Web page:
In this series, we’re breaking down how blockchain can impact the complex segments of the oil and gas industry: upstream, midstream, and downstream.
Part 1: Upstream
Part 2: Midstream
As we mentioned in the first part of this series, there are three segments of the oil and gas industry: upstream, midstream, and downstream. After the upstream segment (exploration and production) and midstream segment (transportation and storage), downstream oil and gas includes the process during which businesses transform crude oil into finished products for consumers.
Two types of enterprises work within the downstream segment — Global Integrated Refiners (GIRs) and Independents. While GIRs are corporations that participate in all three segments of oil and gas, Independents only participate in the downstream segment. They are often smaller refining companies that sell products directly to consumers through service stations they own or operate.
For both GIRs and Independents, the downstream segment is consumer-facing, which means that downstream businesses run on a margin-driven economic model. Like in any margin-driven industry, downstream companies try to boost their bottom lines through operational optimization — something in which blockchain technology excels. The more money a downstream business can save by streamlining its operations, the more its profit increases.
Let’s look at the top 3 ways that blockchain can help downstream businesses optimize their bottom lines, from simplifying data management to improving transparency into the supply chain.
Simplify Data Management
The downstream segment is extremely complex. Businesses have to work with distribution networks to get their refined products, and then they have to manage everything from production to marketing. Downstream businesses have to collaborate with many players and manage many products — making downstream oil and gas one of the most convoluted industries out there.
Due to all of these moving parts, companies struggle with data management. Collecting, recording, and sharing data between multiple businesses in a single segment is difficult. To add to the trouble, critical data that should be shared between all three oil and gas segments is often siloed within each segment. When downstream businesses need to access and organize data from upstream or midstream companies, they must complete the legwork by hand — and even then, the data they find is often incomplete.
Currently, few businesses in the oil and gas industry have a central database where they can store key information with the proper security and permissions. But with blockchain technology, businesses can have access to a shared, distributed ledger that provides transparency into all relevant business data. With smart contract integration and permissions, businesses can ensure that data is shared with other parties only when necessary.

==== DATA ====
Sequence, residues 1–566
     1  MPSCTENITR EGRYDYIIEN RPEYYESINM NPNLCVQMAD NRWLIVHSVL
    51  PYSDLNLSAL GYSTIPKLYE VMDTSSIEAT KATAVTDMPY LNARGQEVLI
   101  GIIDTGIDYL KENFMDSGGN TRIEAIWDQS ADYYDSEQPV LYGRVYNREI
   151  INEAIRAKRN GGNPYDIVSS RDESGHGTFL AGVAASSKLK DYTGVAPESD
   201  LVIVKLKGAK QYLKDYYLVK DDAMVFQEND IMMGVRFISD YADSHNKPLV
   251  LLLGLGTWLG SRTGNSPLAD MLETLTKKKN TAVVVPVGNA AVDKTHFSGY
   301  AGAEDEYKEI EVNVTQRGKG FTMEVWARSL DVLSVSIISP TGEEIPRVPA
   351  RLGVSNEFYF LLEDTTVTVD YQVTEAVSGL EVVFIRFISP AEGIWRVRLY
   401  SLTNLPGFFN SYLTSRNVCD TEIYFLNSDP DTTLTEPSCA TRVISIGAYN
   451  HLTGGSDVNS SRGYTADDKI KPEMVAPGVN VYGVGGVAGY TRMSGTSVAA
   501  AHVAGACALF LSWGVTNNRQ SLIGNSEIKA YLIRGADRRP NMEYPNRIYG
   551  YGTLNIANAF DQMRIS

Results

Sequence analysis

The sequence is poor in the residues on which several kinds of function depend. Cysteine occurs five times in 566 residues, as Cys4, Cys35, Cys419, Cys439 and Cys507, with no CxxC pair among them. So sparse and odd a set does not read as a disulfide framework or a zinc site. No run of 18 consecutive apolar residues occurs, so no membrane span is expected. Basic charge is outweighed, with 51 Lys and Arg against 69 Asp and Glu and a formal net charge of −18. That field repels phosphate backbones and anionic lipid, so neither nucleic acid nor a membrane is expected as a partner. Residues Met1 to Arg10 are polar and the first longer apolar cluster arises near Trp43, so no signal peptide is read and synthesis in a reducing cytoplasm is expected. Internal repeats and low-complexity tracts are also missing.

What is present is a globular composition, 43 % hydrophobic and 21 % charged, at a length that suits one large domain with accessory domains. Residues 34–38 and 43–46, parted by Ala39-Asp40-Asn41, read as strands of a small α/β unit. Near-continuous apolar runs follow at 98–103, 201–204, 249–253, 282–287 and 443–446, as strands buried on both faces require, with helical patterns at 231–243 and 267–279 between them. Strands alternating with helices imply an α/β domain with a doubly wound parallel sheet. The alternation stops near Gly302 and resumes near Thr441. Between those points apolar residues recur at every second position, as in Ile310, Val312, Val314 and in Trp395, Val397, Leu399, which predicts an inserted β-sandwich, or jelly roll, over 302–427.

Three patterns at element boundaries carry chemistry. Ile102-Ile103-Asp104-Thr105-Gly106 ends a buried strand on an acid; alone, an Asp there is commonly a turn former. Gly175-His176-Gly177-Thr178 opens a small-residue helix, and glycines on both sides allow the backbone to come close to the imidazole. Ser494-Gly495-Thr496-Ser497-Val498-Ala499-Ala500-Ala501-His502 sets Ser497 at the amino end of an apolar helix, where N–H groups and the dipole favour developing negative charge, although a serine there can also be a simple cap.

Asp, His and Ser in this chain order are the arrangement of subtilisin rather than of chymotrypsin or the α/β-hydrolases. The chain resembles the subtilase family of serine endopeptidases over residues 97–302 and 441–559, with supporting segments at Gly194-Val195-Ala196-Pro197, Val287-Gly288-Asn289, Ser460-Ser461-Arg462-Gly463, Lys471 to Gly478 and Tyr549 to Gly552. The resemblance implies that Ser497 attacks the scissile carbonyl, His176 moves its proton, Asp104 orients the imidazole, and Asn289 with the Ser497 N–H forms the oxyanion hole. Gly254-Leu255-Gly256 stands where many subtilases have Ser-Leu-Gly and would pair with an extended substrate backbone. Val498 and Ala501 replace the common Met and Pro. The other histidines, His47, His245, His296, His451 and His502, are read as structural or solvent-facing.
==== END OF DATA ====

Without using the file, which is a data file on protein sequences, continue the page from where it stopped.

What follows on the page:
Complete confidence in the accuracy of supply chain data allows downstream businesses to create secure automations and leaders to make more informed choices based on verifiable data — resulting in better decisions and higher profit margins.
Streamline Quality Control and Automated Payments
Counterfeiting is a problem in the downstream oil and gas industry. Fake gasoline, diesel additives, or other products can lead downstream businesses to accidentally sell inferior — or even dangerous — products to consumers. The fraudsters that produce these counterfeit items can manipulate quality control records to hide their activity.
With immutable blockchain-based records of everything from production to refinement, bad actors would find it nearly impossible to either hide or change quality control documents.
Another key problem the downstream segment encounters is reconciling payments during fast-paced buy and sell cycles. Currently, the reconciliation process is slow, hampered by back-office inefficiency, manual data entry, and outdated accounting processes.
With the help of blockchain, businesses can expedite reconciliation. Smart contracts empower parties to make real-time payments or apply credit quickly, which reduces the amount of time between making payments and receiving money. Smart contracts can even allow businesses to automate payments, automatically filling in product quantity, timing, and quality. Ultimately, blockchain technology enables downstream businesses to free up their cash flow.
Gain Transparency Into The Supply Chain
Because crude oil is refined into many different products that travel to various destinations, tracking these products along the supply chain is critical for downstream businesses.
However, due to the silos that prevent upstream, midstream, and downstream businesses from collaborating, most downstream businesses don’t have full visibility into their supply chain. Without access to a system that tracks supplies in near real-time, businesses struggle to make accurate decisions and catch mistakes before they happen.
With the help of a reliable ledger shared across various permissioned parties, GIRs and Independents would finally gain insight into where and how their crude oil is being transformed into consumer products.
Full understanding of the supply chain can help businesses make informed decisions — decisions that can ultimately help them boost their bottom lines.
Without the ability to easily record, verify, and share data, downstream businesses are losing money. But with the help of blockchain technology, downstream businesses can better manage their data, improve quality control, and gain transparency into their supply chains. Ultimately, these benefits will help downstream businesses boost their bottom lines.
This wraps up our three-part series taking a deep dive into the impact blockchain can have on the oil and gas supply chain.
If you have any questions about blockchain or want to learn more about Vertrax’s partnership with IBM to bring a blockchain solution to the oil and gas industry, drop us a line.